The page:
Counting the Costs Part 2 – Building new, not adding on – Grieving

June 2nd, 2014

Counting the costs for creating new relationships in the family – remarriage, adoption, fostering – is often viewed as bringing someone new into the current situation and having him ( her) remold or re-make to fit the existing family. The same is true about learning how to prepare for the new situation – reading something and trying to blend it in with what is already known. Results are like trying to set jello while it is simmering on the stove.  It can’t be done.

When another is brought into the family – in whatever means and what ever age – you have chosen to change what the family is. It isn’t often discussed about losing what you have when you make the choice for new relationships, but there is no neat space another person will come in and fill that complements the time, energy and attention you have to offer. It will always be more and different that you imagined because you had only imagined it based on nothing real in the experience of this person.Your children will get tired, and become irritable with the changes in their lives.  You will find yourself more tired, less prepared and less loving often in the process. It will impact everyone in the family more than you had prepared for and differently  than how you had explained it. You will grieve the loss, doubt your decision and, if you continue to hold on the what was before, resent and scapegoat some member(s) of the family.

In a similar way, using educational and instructional materials that do not address assimilation, trauma, abandonment and grief will not provide the healing and support the new family (and you) require. Old control and consequence models will not build the trust and create the safety everyone will need in this new formation. Letting go of what you thought you knew to understand in a new way what will strengthen and provide the peace each member will need to grow can feel uneasy and frightening. You may grasp to hold on to it. Until you can exercise the trust to do life and love a new way, you will not be able to show it to the family. The transition is challenging. You will lose some of the confidence and competence you thought you had. You will no longer define yourself in the same way.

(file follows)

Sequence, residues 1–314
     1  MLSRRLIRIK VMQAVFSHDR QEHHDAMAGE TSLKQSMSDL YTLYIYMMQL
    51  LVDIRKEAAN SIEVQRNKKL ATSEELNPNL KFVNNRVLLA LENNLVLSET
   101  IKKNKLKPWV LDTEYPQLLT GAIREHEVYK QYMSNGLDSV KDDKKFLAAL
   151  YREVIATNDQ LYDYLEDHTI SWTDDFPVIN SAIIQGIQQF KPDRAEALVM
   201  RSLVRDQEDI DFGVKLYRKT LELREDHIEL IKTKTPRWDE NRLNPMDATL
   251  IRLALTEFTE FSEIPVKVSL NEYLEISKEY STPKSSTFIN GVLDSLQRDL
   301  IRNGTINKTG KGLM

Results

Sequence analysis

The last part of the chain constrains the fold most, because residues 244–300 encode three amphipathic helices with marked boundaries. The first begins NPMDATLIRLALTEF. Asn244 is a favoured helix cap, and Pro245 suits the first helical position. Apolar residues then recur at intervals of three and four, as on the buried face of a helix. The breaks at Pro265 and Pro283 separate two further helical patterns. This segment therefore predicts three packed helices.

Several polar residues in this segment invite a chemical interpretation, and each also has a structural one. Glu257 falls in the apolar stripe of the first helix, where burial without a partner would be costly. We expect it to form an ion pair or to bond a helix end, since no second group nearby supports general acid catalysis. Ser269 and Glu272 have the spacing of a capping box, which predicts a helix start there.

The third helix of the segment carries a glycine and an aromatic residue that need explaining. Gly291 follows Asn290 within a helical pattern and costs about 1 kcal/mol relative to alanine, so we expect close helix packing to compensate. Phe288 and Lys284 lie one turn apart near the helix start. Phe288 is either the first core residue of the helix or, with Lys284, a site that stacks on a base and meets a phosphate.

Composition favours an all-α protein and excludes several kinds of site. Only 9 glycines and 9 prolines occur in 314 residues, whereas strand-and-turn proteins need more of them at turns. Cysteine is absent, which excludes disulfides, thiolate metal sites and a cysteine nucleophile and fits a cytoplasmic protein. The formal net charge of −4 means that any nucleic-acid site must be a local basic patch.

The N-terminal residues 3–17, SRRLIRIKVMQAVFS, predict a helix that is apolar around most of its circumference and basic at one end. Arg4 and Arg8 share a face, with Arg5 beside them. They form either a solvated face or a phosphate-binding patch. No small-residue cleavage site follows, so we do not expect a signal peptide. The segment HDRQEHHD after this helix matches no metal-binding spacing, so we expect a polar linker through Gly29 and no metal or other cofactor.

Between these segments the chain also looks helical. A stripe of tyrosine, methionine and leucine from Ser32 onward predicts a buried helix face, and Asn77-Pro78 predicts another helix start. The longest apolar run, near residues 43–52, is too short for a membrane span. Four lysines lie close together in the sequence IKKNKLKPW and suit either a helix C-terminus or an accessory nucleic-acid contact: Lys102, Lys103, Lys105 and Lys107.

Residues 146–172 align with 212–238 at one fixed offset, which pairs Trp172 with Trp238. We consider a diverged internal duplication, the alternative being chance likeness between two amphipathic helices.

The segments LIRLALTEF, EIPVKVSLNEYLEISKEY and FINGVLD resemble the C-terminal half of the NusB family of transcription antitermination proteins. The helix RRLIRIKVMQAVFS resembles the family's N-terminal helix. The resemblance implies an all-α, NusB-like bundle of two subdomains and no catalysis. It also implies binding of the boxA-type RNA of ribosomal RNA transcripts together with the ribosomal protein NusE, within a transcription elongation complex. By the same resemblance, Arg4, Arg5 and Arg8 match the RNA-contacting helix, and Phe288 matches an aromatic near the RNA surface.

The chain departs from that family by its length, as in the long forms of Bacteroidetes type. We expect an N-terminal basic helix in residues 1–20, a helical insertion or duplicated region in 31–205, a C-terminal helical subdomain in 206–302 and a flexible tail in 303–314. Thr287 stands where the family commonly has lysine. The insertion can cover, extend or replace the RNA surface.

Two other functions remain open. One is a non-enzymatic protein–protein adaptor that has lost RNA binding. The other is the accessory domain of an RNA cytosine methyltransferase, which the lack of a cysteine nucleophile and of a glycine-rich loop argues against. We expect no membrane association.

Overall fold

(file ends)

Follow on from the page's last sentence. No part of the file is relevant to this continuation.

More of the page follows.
Life in the fast lane – or even on the shoulder of the free way -will give way to travel on small, narrow, under developed paths. That means what you take with you will need to be pared away. Extras – which you thought were essentials – like church committees, room mother, choir, community organizations, men’s/women’s groups, immaculate home,  and even 3 balanced meals a day, independence, and private bathroom time.  You may become the one receiving and needing the support of meals, laundry, yard work, transportation, rather than being the one to arrange those schedules for others. You will need to depend and trust in a different way.

Can you? Will you?

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